Barbari (AMC Area) is a census town situated in the administrative district of Dibrugarh in the state of Assam in the northeastern part of India. The district headquarters are situated in the town of Dibrugarh. The district covers an area of 3381 square km and has a population of 1,172,056 (as per the 2001 census). Dibrugarh derives its name from Dibarumukh, which implies the mouth (mukh) of the river Dibaru or Dibru (the Bodo word dibru means a blister). Dibarumukh was a well-known military camp of Ahoms during the Ahom Chutia War. The Chutia king was defeated in the battle and surrendered before the Ahom King. Earlier Dibrugarh was the district headquarters of the unbroken Lakhimpur District. But now Dibrugarh is a different district having an identity of its own. The exact location of the Dibrugarh district is between 27° 5' 38" North and 27° 42' 30" North latitude and 94° 33'46"E to 95° 29'8" East longitude. It is surrounded by the Dhemaji district on the north, the Tinsukia district on the east, the Tirap district of the state of Arunachal Pradesh on the south-east and the Sibsagar district on the north and south-west. The entire region extends from the north bank of the mighty Brahmaputra River, which runs for a length of 95 km through the northern edge of the district, to the Patkai foothills on the south. Moreover, The Burhi Dihing, a major tributary of the Brahmaputra River flows through the district from east to west along with its wide network of tributaries and wetlands. Dibrugarh is well connected to other places by roads, railway, airway ( it has the Mohanbari Airport) and waterway. There are four airfields, which were utilised by the British to wage war against the Japanese forces in Myanmar during the second World War. Dibrugarh is home to the world's largest area covered by tea gardens. The whole district is enclosed by tea plantations and has tea factories. Many tea gardens date back to more than 100 years. In Digboi, another town of this district, there is the world's oldest running oil refinery. The entire district has numerous oil and natural gas rigs possessed by the Oil India Limited and Oil and Natural Gas Commission. Tea and oil are the chief source of revenue for the district. The occupation of the majority of the people is farming. The main crops produced are rice, sugar cane and pulses. Many people are also engaged in pisciculture. There are many rice and oilseed mills, coal mining and petroleum production industries. The languages commonly spoken by the people of the district are Assamese, English, Hindi and Bengali. There are six main towns in the district, namely Chabua, Dibrugarh, Duliajan, Naharkatia, Digboi and Namrup. The police stations are located in the towns of Dibrugarh, Lahowal, Chabua, Joypur,Tengakhat, Naharkatia, Duliajan, Rajgarh, Moran, Khowang, Borboruah, Tingkhong, Rohmoria and Ghoramora. The district has been the main centre of higher education in the total North Eastern part of India right from the period of British rule in India. Dr. John Berry White set up the Assam Medical College after he became the civil surgeon of the Lahimpur district. The Assam Medical College set up in the year 1898 has the first Radiology department in India. Other centers for learning are the Dibrugarh University, the Dibrugarh Poly-technique and the Regional Medical Research Centre.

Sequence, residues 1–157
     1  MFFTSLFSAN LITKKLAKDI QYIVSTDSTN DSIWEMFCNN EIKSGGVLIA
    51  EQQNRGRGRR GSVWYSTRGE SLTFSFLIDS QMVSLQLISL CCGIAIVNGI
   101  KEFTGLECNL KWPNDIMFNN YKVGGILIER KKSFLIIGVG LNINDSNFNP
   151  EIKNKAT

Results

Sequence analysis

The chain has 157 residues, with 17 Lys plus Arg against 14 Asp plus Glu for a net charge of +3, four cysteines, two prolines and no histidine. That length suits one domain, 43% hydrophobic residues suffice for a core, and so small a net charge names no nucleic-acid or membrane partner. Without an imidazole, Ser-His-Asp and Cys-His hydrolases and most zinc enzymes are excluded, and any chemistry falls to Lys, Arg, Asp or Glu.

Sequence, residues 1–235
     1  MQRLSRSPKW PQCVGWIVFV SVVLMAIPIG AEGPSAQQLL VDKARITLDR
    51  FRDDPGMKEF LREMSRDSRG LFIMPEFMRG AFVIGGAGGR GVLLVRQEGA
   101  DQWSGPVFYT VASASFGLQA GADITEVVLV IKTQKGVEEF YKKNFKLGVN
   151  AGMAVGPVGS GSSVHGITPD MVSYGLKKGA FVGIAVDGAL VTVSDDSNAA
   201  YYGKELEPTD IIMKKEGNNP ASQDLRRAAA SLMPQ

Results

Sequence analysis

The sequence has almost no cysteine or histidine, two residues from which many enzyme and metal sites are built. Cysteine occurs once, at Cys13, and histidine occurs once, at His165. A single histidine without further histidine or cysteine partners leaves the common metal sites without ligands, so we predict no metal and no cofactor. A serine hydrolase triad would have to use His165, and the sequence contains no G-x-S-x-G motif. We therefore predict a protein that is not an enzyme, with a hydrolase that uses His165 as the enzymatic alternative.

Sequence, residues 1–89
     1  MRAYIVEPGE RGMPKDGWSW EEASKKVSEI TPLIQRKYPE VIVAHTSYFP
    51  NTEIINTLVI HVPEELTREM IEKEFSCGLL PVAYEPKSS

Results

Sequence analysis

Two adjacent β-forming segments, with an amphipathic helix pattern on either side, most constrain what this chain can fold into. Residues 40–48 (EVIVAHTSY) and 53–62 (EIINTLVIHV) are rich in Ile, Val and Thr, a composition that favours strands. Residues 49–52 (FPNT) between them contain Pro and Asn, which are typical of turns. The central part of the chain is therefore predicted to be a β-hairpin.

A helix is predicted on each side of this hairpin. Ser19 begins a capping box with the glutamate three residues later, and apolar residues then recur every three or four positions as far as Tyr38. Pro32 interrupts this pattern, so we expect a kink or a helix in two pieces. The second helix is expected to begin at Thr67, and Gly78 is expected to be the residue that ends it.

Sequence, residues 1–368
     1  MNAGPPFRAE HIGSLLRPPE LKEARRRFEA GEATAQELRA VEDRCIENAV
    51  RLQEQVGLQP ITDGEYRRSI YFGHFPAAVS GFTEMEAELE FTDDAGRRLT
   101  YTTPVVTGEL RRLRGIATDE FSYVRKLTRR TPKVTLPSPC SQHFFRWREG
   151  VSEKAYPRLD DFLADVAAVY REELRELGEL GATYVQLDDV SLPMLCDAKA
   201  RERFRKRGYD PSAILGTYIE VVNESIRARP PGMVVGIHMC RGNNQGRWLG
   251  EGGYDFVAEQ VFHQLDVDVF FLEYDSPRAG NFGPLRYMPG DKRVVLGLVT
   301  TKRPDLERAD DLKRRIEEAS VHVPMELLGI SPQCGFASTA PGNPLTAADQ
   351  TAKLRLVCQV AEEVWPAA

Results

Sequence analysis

As per the 2001 India census, Barbari (AMC Area) has a population of 5282. Males make up 63% of the population and females comprise 37%. Barbari (AMC Area) has a mean literacy rate of 80%, higher than the nationwide average of 59.5%. 66% of the males and 34% of the females are literate. 11% of the population is children below six years of age.